Tamara, 34, has a delicate frame, an elegant face and a bright smile. She is always happy to have her picture taken, loves talking to her six-year-old son about different car brands, and collects vintage Ukrainian clothes and accessories. She still wears a wedding ring, despite recently becoming a widow, like thousands of other Ukrainian women after a year of full-scale war.
Her husband Oleksiy Yanin was a world champion in Thai boxing ― and a soldier with the Azov regiment since 2014. Azov defended the frontline in some of the most intense moments of the war so far, and last April its soldiers were surrounded by the Russian Army in Mariupol. Oleksiy died there.
Tamara had a hard time coping with his death. She didn’t even kiss him goodbye at the train station on the morning of 24 February, when she last saw him. “Everything I do now is for you, about you, in the name of your memory,” she writes in messages to Oleksiy, which he will never read. Her gratitude and pride have become stronger than pain. Caring for others is what gives her strength now.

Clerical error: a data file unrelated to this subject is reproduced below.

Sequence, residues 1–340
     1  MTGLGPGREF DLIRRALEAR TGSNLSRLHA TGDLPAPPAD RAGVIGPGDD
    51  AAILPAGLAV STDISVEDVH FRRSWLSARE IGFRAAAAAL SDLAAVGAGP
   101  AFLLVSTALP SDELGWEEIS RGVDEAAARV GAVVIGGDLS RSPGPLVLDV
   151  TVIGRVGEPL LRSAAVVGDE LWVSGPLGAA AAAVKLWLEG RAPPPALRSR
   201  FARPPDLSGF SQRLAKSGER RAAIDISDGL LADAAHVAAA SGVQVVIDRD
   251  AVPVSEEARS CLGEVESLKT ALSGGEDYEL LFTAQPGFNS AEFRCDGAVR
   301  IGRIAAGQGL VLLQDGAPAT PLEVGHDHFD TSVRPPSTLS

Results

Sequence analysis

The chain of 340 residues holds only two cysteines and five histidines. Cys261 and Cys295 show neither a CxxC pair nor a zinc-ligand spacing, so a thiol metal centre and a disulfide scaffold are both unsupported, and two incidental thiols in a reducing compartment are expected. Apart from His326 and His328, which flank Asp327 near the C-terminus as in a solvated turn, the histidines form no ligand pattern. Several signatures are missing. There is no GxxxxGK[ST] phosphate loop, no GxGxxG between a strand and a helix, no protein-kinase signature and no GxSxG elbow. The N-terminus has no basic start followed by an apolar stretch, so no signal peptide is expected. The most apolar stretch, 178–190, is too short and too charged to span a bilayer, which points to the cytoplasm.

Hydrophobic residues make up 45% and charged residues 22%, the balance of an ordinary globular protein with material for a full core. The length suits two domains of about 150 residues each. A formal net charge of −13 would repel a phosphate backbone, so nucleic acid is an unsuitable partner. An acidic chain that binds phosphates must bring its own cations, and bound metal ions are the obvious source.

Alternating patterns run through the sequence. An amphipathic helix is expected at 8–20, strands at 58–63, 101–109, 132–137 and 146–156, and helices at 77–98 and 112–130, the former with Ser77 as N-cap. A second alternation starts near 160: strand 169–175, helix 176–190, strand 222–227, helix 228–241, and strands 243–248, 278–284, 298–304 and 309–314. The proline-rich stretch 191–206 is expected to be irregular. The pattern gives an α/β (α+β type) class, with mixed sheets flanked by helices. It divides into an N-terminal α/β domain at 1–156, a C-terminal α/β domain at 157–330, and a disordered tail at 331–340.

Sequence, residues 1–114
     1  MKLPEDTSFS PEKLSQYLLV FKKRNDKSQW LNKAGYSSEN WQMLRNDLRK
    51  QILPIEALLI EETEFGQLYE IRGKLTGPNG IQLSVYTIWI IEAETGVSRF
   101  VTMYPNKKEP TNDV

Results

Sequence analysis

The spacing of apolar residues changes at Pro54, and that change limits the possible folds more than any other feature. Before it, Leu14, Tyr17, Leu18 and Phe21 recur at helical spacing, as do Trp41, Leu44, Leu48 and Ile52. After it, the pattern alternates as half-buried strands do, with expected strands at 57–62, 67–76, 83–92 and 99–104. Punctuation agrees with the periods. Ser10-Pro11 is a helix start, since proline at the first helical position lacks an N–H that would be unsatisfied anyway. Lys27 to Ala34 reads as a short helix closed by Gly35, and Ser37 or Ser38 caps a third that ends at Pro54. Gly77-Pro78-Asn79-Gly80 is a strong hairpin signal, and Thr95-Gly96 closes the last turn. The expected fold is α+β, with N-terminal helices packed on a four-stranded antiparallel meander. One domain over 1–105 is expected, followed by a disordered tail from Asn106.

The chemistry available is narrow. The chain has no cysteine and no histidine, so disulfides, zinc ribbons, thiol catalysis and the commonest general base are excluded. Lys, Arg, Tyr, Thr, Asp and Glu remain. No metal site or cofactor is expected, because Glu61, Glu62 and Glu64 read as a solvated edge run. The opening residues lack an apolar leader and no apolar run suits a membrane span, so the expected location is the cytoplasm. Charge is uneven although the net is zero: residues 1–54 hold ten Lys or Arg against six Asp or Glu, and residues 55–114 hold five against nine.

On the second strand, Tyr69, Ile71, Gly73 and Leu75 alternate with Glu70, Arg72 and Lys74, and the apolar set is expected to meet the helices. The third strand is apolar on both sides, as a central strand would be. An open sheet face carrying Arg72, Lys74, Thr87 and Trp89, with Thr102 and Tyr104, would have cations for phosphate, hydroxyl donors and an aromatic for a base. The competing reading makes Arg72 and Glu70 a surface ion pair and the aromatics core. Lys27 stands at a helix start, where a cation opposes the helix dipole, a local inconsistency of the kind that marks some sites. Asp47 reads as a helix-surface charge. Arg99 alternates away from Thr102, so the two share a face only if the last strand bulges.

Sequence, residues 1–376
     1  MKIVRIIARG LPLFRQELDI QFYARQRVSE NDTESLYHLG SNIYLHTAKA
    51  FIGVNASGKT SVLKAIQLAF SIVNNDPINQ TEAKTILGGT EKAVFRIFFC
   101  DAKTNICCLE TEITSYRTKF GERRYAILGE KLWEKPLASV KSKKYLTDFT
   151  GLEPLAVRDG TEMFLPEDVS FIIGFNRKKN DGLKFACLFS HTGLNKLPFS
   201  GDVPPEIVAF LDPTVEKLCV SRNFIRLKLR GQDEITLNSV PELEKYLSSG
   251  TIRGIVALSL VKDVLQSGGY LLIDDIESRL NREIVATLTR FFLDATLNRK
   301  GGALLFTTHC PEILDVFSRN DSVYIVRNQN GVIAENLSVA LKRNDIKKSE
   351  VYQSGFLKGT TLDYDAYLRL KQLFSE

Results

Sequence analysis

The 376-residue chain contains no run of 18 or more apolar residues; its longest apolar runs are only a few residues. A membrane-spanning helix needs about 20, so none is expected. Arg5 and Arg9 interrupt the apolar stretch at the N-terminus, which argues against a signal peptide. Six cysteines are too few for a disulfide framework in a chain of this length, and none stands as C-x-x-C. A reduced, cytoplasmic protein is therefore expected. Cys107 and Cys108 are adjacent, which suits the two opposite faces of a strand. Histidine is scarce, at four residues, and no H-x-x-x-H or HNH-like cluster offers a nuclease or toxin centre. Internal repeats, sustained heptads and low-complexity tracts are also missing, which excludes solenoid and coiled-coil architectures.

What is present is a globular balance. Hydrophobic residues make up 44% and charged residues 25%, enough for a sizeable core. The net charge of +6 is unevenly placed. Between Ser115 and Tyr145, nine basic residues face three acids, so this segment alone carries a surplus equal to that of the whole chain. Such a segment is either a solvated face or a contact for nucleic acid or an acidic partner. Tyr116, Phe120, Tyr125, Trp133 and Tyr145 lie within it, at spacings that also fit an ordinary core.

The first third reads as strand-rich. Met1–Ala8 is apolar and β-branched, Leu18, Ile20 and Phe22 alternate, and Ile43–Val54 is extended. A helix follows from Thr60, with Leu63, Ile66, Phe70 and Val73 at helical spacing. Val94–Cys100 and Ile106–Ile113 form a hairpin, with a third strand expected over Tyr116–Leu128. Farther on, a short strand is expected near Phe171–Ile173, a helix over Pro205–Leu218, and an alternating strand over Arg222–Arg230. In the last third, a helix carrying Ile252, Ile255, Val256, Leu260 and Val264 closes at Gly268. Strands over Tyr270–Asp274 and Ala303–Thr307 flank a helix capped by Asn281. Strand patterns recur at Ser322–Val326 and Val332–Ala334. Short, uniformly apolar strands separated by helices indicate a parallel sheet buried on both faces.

A month after Oleksiy’s death, she began to take care of the families of other dead Azov soldiers. Tamara met them in chat rooms where relatives were discussing how to identify bodies and bury their remains. Many of these women used to live in the now-occupied territories, so they lost not only their husbands or sons, but also their home, belongings and their livelihoods. Tamara began collecting clothes, food, medicine, hygiene products and books for women and children displaced by war, and helps them find jobs and a place to stay. In a room she uses as a location for goods and aid, the walls are covered with widows’ phone numbers.
“I just love all of them, unconditionally. I understand them like no one else. And this is how I thank their husbands,” says Tamara. She has stepped out of her role as a traditional wife and a mother of a son on maternity leave, and has become a “collective mother”, supporting women united by grief and loss.